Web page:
Susanna and the Elders
One legend related to bathing that has been a particularly rich source of inspiration for painters is the Old Testament story of Susanna and the Elders, or how Daniel gained acceptance as a prophet.
Susanna, a very beautiful and God-fearing woman, is married to the wealthy Joakim. The couple lives in Babylon in a fine house with an orchard. Being wealthy and respected, many Jews come to the couple's house to settle their disagreements in the presence of two elders chosen from among the people for their wisdom.
In the afternoon when the people have departed, Susanna is in the habit of walking in the orchard. The two old judges pass her every day and, without admitting it to one another because they are ashamed, begin to desire her passionately.
One day, having parted for dinner and unable to bear it any longer, they each separately retrace their steps to spy on her... and only to meet up again! They confess their desire for Susanna to one another and decide to act together.
Hidden in the orchard waiting for the right moment, the two lustful elders overhear a conversation between Susanna and two maids accompanying her. Susanna asks them to close the doors of the orchard and to fetch oil and perfumes so she can bathe, as it is hot weather.
When the maids have left, the elders come out of their hiding place and try to blackmail Susanna, saying: "Behold the doors of the orchard are shut, and nobody seeth us, and we are in love with thee; wherefore consent to us, and lie with us. But if thou wilt not, we will bear witness against thee, that a young man was with thee, and therefore thou didst send away thy maids from thee."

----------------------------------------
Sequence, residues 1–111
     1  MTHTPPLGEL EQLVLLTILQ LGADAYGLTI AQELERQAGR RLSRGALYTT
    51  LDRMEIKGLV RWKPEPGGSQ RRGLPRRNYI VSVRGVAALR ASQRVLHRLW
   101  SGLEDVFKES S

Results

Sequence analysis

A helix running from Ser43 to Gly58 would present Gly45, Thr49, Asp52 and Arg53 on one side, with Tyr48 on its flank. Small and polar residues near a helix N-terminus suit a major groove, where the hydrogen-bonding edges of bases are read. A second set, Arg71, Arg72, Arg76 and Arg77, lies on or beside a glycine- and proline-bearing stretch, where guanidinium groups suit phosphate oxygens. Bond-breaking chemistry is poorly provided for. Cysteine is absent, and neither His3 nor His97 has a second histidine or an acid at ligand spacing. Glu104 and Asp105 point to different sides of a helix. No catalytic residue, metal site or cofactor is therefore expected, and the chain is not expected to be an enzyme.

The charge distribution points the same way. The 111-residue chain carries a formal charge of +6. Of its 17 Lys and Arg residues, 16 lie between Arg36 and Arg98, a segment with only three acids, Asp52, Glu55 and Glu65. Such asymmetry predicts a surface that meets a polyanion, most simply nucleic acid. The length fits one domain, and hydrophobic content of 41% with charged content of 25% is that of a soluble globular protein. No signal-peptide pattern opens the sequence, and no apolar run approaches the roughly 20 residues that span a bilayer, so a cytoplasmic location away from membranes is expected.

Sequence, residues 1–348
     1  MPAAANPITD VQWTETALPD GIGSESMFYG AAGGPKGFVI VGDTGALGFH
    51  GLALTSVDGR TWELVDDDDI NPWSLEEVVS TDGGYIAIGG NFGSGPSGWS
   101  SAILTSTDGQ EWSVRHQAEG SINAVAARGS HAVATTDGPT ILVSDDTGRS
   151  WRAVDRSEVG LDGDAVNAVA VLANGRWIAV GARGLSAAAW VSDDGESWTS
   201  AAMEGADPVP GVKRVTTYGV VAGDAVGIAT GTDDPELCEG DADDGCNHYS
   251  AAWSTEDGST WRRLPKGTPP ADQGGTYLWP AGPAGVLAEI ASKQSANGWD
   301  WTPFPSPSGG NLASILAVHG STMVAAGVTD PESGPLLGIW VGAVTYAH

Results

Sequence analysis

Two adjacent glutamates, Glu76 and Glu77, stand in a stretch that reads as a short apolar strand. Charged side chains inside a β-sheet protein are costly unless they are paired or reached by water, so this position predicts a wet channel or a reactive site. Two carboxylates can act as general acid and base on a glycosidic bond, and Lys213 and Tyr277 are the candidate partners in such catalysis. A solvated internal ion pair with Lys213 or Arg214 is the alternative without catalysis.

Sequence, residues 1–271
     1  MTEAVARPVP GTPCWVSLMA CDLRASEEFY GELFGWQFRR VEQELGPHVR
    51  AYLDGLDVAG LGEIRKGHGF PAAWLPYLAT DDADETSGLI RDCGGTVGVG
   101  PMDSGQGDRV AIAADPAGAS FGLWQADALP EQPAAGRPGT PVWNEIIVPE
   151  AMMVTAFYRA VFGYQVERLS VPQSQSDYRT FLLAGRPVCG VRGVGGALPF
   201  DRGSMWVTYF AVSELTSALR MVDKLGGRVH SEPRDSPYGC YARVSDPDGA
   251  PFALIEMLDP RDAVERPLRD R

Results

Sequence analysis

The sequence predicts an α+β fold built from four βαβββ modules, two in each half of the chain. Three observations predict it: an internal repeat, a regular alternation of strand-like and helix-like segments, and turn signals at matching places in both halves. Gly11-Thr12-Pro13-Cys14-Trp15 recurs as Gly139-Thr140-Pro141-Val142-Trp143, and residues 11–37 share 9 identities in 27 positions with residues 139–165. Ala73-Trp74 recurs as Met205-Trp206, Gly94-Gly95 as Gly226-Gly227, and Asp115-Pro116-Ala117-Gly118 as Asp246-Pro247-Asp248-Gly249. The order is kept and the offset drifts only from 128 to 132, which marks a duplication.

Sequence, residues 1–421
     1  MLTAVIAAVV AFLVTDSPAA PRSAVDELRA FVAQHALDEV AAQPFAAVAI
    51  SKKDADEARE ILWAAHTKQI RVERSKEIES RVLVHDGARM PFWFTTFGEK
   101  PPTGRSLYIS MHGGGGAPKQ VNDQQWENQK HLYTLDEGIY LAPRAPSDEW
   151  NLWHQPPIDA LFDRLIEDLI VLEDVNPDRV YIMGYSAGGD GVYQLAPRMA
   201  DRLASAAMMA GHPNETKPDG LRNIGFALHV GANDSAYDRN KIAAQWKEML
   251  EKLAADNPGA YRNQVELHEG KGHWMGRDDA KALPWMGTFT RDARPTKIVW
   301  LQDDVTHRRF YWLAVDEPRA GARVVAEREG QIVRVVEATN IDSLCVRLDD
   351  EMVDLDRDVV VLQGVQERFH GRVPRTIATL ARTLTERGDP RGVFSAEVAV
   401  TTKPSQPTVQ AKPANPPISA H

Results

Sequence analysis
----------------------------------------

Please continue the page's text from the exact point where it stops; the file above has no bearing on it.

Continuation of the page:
Thinking she is lost whatever she decides, Susanna chooses not to give in to them to avoid sinning. So she cries out, as do the two crafty fellows while at the same time opening the doors of the orchard. People come running and listen to the elders' lies.
The next day, the people are assembled at Joakim's house. The two elders, who have the credibility that accompanies their role as judges of the people, reiterate their accusation:
"As we walked in the orchard alone, this woman came in with two maids, and shut the doors of the orchard, and sent away the maids from her. Then a young man that was there hid came to her, and lay with her. But we that were in a corner of the orchard, seeing this wickedness, ran up to them, and we saw them lie together. And him indeed we could not take, because he was stronger than us, and opening the doors, he leaped out. But having taken this woman, we asked who the young man was, but she would not tell us: of this thing we are witnesses."
"O eternal God, who knowest hidden things, who knowest all things before they come to pass, Thou knowest that they have borne false witness against me; and behold I must die, whereas I have done none of these things, which these men have maliciously forged against me."
God hears Susanna and awakens the holy spirit of Daniel, a young boy, as she is being led to her death. Daniel then asks to question the two elders separately. He asks the first under what tree Susanna and her lover were conversing. The man claims that it was a mastic tree.
The second elder, to whom Daniel puts the same question, mentions a holm-oak. Daniel having proved that the two elders were lying, they are condemned to death and Susanna is cleared of the suspicion of adultery.
"And Daniel became great in the sight of the people from that day, and thence forward."